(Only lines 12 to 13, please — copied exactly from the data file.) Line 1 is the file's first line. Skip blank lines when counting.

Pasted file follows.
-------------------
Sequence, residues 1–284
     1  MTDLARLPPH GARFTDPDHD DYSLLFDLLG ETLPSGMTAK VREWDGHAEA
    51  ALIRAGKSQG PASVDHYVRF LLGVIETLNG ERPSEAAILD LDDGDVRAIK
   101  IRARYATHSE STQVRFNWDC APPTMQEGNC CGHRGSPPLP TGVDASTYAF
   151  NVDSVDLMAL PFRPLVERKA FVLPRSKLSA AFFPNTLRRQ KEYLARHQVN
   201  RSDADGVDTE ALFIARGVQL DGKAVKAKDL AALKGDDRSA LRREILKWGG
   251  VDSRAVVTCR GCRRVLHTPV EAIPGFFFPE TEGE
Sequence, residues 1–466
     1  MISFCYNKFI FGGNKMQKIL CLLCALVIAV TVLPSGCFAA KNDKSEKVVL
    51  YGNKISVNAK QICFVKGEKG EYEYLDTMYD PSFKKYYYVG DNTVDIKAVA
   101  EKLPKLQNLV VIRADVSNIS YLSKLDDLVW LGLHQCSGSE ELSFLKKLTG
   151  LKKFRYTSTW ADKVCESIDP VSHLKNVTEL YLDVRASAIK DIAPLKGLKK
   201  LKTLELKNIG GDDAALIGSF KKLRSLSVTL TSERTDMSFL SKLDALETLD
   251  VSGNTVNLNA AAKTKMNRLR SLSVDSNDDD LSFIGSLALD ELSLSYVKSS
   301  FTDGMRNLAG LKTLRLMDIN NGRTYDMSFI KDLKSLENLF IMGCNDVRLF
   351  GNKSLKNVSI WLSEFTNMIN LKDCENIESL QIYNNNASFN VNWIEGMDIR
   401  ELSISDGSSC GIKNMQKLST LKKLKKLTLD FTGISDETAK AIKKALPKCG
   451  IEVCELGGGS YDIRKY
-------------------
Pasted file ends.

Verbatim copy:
   151  LKKFRYTSTW ADKVCESIDP VSHLKNVTEL YLDVRASAIK DIAPLKGLKK
   201  LKTLELKNIG GDDAALIGSF KKLRSLSVTL TSERTDMSFL SKLDALETLD